George Carlin: Rebel Without a Pause

As you've probably heard by now, George Carlin died Sunday night from heart failure. The path-finding, door-busting, head-turning, comedy-changing, rules-snapping, reality-focusing comic was 71. M****r f****r.

The obituaries -- above-the-fold coverage at news sources such as the AP, The New York Times, CNN, and Time, as well as testimonials from friends and colleagues -- are deservingly laudatory. His counterculture take on the world filled 23 comedy albums, 14 HBO specials and three books. Carlin won four Grammy Awards for best spoken comedy album, and it was announced Tuesday that he would be awarded the 11th annual Mark Twain Prize for American Humor.

If his forty years' worth of on-the-edge comedy could be distilled down to a single two-word moral, it would be "Pay attention." Few comedians before or since have been as keen-eyed and observant, or as necessarily fearless in his irreverence, or did more good for comedy and for our awareness of the absurdities we impart to our language, our religions, our culture, and our uptight selves. Although he would sneer bitingly at the suggestion, I like to imagine him now in an afterlife kicking back with Richard Pryor, Lenny Bruce, Kurt Vonnegut, and Mr. Twain himself -- trading quips and one-liner wisdom while God holds His celestial sides from laughing as He nods and says between guffaws, "It's funny because it's true."

Because it too often takes a death to remind us how much we loved and needed a person during life, this week I predict that George Carlin's preserved appearances on DVD will be represented by new gaps on the rental shelves. But I encourage you to seek him out anyway. You have more options than there are Forbidden Words, and as I sit here thinking about which one I'm going to watch first, I raise a glass toward the ceiling and mutter a heartfelt thanks to the comic that many times, especially during some crucial formative years, helped me see this whole FCC'd-up world with sharper vision, a more critical mind, and a more expressive vocabulary.

Here's a small sample culled from the selections at Amazon and

George Carlin - Personal Favorites (1996)

Tom Keogh at says: "After starring in a dozen or so HBO Special Presentations, comedian George Carlin has amassed a substantial body of work in the cable channel's vaults. Personal Favorites is a greatest-hits package, a selection of some of Carlin's best moments on HBO from 1977 to 1998 and, not coincidentally, some of his most enduring comic routines from any medium. Among the highlights is the satirist's classic 'A Place for My Stuff' ('Your house is a pile of stuff with a cover on it'), stupid rules for kids ('The first sign of a dumb rule is 'Because I said so''), and updating sports rules for fun and profit ('Let the Red Cross pick up the injured'). If some of the bits aren't quite up to par ('Earrings'), others border on folk wisdom (Carlin's brilliant 'Baseball vs. Football' monologue) and political rage ('This country was founded by slave owners who wanted to be free'). All in all, this is a very fine anthology of Carlin's two decades of life on cable."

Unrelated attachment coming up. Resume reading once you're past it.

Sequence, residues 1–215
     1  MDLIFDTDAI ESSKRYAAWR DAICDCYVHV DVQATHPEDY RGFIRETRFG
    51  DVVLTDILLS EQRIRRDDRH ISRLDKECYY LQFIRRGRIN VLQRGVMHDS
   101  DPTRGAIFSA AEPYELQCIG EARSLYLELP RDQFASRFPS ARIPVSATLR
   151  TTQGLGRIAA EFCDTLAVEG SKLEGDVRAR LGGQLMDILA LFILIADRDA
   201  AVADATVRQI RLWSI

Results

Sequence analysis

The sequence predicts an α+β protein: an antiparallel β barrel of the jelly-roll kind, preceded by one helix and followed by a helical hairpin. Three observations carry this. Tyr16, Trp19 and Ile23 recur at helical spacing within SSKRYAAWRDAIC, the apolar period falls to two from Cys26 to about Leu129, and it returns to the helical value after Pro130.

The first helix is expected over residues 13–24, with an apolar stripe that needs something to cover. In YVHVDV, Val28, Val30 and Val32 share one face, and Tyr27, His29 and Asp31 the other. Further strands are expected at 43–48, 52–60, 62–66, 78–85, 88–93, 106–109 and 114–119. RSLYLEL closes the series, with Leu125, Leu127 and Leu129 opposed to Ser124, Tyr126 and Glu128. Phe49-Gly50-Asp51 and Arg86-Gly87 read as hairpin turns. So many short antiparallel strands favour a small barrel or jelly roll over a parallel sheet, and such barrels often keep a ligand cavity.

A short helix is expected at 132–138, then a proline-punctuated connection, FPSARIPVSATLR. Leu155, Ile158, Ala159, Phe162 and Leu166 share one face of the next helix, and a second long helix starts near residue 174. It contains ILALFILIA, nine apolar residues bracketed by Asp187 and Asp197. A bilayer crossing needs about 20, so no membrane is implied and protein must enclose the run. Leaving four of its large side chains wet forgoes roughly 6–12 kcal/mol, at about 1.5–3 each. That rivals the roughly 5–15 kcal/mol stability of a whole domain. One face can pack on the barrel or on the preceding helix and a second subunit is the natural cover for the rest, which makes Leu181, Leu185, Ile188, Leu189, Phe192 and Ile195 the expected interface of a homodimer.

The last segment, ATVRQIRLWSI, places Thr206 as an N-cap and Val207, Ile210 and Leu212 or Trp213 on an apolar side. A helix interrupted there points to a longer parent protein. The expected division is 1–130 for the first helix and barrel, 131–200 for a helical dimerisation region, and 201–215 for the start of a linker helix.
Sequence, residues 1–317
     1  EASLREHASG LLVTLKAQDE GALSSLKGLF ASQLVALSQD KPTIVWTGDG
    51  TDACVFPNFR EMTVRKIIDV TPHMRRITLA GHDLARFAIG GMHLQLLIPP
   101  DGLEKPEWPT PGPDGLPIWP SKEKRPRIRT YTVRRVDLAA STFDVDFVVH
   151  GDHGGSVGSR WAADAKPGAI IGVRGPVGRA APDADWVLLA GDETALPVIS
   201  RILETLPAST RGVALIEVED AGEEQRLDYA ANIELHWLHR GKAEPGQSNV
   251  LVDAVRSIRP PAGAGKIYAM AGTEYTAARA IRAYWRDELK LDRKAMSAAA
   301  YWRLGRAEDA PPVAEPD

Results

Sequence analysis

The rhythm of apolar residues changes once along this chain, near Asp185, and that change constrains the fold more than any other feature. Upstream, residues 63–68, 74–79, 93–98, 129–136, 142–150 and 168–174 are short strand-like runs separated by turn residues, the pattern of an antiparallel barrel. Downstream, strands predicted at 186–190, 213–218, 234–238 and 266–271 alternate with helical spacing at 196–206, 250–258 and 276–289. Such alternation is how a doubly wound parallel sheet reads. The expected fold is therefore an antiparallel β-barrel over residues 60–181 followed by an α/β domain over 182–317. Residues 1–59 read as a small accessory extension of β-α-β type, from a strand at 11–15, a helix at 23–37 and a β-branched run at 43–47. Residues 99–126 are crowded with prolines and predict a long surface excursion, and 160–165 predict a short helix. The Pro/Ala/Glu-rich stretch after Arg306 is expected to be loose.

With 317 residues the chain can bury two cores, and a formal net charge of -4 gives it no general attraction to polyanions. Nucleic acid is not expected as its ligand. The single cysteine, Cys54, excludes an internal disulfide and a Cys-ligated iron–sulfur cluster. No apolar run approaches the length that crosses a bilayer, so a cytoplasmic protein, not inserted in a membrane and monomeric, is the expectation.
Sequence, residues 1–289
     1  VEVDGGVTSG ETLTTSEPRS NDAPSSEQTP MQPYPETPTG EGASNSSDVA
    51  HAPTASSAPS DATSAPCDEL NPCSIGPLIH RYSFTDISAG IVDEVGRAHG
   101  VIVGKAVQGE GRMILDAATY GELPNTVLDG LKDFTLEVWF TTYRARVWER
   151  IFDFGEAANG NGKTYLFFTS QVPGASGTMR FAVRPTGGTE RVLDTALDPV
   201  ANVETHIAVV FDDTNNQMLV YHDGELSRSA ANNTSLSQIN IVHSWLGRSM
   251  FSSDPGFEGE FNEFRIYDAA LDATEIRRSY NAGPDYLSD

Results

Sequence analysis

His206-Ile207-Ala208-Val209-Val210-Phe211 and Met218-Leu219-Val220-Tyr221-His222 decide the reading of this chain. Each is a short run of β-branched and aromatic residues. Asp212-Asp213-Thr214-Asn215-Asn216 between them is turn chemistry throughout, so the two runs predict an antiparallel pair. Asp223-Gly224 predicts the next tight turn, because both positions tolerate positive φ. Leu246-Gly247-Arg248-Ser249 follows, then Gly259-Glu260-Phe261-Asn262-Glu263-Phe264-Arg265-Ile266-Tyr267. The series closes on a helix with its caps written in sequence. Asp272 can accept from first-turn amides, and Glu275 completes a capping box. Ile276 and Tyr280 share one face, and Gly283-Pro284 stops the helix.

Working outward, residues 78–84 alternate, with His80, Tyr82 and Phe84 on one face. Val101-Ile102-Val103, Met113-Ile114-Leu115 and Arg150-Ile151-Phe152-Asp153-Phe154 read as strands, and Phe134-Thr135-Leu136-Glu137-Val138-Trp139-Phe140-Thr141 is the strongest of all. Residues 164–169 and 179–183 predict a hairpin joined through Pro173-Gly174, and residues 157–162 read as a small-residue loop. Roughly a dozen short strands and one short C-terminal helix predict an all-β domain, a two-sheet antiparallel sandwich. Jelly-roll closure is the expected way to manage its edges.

(FILE PHOTO) Comedian George Carlin appears on George Carlin: On Campus

In his New York City grammar school, George Carlin was known as a "disruptive influence in the classroom." Taped at UCLA in April, 1984, On Campus brings this ultimate class clown to a new generation with "The Prayer," "Consumer Hints," "Cars and Driving #1," "A Place for My Stuff," "Newscast #4," "Embarrassments," and some winning animated segments.

Carlin at Carnegie Hall

Taped in 1982 before a sold-out house in New York City's Carnegie Hall, the performance represents a creative resurgence from a heart attack earlier that year. He ignites the stage with his outrageous comedy and mimicry, including routines "Rice Krispies," "Newscast #3," "Have a Nice Day," "Ice Box Man," "Fussy Eater," "Dogs & Cats #2," and over 200 Filthy Words and Phrases. Says Carlin at one point here, "I lead Richard Pryor in heart attacks two to one, and he leads me in setting oneself on fire."

Playin' With Your Head

Recorded live at the Beverly Theater in Los Angeles. Some of the routines included are:

"Losing Things," "Charities," "Sports," "Hello and Goodbye," "Battered Plants," "Earrings," "A Moment of Silence," and a short film called “The Envelope” co-starring Vic Tayback. Says Amazon's Jeff Shannon: 'Observational humor had been George Carlin's specialty for over 20 years when Playing with Your Head -- the comedian's fifth special for HBO -- was recorded in 1986. Carlin's not resting on his laurels here, presenting an abundance of new, politically incorrect material while expanding a few older routines.... 'A Moment of Silence' pays mock-mournful tribute to an ill-fated (and presumably fictional) group of '43 elderly, mentally retarded Bolivian senior citizen volleyball fans.' If that kind of irreverence puts you off (and if so, why are you reading this?), you'll fare better with the universal humor of 'Losing Things' (we all do it, right?), and a characteristic survey of language in 'Hello and Goodbye.' In any case, Carlin's best enjoyed when seen and heard, and the film noir spoof 'The Envelope' provides a clever introduction to the funnyman's entrance onstage."